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Spontaneous sympathetic baroreflex sensitivity is correlated with cardiac baroreflex sensitivity in healthy, young individuals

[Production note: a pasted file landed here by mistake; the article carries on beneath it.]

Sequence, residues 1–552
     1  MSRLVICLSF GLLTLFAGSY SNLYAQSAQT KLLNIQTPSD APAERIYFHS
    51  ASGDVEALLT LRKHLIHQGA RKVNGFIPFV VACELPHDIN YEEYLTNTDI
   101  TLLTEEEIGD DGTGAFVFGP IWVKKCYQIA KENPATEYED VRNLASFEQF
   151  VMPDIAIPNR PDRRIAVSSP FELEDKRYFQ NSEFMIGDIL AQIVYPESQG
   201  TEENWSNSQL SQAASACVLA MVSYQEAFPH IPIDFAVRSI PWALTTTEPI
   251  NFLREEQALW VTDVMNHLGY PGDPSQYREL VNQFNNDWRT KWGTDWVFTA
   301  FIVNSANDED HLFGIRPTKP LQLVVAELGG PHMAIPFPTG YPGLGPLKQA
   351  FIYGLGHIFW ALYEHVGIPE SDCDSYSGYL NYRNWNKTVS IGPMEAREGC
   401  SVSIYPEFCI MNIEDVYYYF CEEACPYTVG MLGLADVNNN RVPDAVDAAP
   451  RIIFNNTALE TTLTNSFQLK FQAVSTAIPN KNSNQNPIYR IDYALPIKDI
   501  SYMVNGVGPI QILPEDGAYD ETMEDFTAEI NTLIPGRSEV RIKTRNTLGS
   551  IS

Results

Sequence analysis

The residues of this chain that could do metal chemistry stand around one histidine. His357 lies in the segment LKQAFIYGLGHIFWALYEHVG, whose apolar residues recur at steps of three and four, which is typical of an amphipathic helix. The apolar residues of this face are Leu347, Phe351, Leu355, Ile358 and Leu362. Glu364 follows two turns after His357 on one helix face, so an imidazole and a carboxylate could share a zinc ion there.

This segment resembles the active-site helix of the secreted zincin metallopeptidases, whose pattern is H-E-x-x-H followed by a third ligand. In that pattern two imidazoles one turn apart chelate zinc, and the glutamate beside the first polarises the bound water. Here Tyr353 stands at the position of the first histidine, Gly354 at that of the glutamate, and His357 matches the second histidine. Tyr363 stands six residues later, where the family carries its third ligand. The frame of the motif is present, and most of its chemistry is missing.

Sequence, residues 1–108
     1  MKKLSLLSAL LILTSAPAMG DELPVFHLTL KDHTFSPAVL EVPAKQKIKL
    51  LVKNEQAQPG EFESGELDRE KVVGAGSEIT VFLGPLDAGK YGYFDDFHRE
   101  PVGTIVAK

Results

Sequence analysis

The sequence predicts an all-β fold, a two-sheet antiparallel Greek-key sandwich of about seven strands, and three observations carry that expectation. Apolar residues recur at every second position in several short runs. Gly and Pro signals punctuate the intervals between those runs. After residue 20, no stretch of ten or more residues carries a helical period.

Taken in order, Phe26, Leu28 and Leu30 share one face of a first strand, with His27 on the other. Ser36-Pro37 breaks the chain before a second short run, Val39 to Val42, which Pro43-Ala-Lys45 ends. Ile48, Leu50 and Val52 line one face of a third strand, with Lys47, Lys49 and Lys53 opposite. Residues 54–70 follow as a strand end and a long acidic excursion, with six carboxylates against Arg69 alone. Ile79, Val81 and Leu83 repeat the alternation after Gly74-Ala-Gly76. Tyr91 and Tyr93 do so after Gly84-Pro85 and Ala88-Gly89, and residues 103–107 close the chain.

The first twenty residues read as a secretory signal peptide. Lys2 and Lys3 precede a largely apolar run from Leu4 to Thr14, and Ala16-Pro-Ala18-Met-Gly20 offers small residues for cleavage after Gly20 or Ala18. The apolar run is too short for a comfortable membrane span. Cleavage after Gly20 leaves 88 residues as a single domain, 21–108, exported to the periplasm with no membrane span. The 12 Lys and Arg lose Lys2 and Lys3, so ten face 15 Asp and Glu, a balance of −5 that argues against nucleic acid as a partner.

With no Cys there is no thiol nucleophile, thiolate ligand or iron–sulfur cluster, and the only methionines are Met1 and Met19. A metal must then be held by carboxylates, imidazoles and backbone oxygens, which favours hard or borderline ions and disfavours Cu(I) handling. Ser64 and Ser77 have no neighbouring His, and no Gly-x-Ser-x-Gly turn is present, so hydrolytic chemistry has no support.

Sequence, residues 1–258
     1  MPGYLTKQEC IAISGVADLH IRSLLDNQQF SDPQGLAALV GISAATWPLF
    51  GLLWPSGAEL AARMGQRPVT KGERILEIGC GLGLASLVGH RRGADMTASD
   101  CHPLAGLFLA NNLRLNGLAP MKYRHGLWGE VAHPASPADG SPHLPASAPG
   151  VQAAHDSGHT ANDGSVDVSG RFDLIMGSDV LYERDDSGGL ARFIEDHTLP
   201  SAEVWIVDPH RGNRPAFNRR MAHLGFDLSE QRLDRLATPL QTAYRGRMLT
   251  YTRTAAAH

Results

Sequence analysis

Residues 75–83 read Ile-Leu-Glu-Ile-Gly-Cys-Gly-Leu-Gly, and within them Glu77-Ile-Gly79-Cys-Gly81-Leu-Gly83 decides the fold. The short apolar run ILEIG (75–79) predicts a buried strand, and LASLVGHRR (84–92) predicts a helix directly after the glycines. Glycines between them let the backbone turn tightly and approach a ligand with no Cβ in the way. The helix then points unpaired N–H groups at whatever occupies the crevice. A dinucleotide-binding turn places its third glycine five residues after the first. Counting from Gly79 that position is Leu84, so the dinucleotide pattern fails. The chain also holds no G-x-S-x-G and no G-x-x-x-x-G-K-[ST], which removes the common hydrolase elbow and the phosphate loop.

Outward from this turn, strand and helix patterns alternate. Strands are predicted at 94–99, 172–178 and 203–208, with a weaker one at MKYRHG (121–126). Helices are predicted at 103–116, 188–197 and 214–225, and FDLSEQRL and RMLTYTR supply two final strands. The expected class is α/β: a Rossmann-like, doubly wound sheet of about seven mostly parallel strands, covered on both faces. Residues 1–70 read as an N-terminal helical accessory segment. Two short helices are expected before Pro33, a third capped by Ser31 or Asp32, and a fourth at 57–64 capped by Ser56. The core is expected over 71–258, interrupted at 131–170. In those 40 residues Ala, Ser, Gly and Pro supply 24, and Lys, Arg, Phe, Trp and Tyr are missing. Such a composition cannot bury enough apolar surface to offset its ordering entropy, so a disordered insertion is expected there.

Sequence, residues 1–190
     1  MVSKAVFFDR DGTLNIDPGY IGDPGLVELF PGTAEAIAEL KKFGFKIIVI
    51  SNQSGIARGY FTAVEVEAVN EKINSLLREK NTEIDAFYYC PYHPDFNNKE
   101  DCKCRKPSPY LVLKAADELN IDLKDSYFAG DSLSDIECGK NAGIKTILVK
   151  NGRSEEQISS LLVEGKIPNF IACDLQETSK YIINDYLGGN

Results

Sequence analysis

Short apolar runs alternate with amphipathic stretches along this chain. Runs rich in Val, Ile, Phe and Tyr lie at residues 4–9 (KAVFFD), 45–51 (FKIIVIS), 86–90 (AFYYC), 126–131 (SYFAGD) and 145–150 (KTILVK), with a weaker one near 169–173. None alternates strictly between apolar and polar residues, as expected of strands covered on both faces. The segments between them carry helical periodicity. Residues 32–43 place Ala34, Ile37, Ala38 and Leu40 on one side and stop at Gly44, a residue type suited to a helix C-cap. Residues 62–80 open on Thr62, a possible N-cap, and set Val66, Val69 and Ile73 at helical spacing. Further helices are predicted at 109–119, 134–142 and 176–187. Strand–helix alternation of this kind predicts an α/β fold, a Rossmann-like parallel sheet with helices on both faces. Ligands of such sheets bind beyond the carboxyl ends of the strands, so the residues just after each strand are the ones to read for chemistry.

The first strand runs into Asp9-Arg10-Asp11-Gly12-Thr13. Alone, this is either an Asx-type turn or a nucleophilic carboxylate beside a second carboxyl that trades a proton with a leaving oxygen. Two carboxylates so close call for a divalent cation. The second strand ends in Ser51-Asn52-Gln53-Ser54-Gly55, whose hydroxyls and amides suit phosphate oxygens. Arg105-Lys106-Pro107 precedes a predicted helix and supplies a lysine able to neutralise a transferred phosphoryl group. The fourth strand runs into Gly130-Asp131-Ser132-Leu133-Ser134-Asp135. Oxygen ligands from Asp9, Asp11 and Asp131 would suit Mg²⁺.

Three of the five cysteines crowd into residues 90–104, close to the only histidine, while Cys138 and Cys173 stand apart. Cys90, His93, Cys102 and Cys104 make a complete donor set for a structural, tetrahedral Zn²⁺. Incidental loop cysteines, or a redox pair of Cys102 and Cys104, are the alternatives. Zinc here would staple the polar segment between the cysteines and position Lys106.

Aim. Low baroreflex sensitivity (BRS) is associated with elevated cardiovascular risk. However, the evidence is based primarily on measurements of cardiac BRS. It cannot be assumed that cardiac or sympathetic BRS alone represent a true reflection of baroreflex control of blood pressure. The aim of this study was to examine the relationship between sympathetic and cardiac BRS in healthy, young individuals. Methods. Continuous measurements of blood pressure, heart rate and muscle sympathetic nerve activity (MSNA) were made under resting conditions in 50 healthy individuals (18-28 yrs). Cardiac BRS was quantified by plotting RR interval against systolic blood pressure using the sequence method. Sympathetic BRS was quantified by plotting MSNA burst incidence against diastolic pressure. Results. Significant baroreflex slopes were obtained for 42 participants. A significant positive correlation was found between cardiac and sympathetic BRS (r = 0.32, p = 0.038). When cardiac baroreflex sensitivities were divided into ‘up’ and ‘down’ sequences, a significant correlation with sympathetic BRS was observed for ‘down’ (r = 0.38, p = 0.012) but not ‘up’ sequences (r = 0.23, p = 0.146). In 29 participants significant baroreflex slopes were obtained when plotting total MSNA against diastolic pressure. In this subset, a significant correlation was observed between sympathetic BRS and cardiac BRS (r = 0.39, p = 0.036) and cardiac BRS ‘up’ (r = 0.37, p = 0.047). Conclusion. In healthy, young individuals the effectiveness of the baroreflex appears to be consistent between cardiac and sympathetic arms within individuals. This suggests that cardiac BRS may be appropriate for estimating overall baroreflex function where measurements of sympathetic outflow are not feasible. This relationship warrants investigation in clinical populations.
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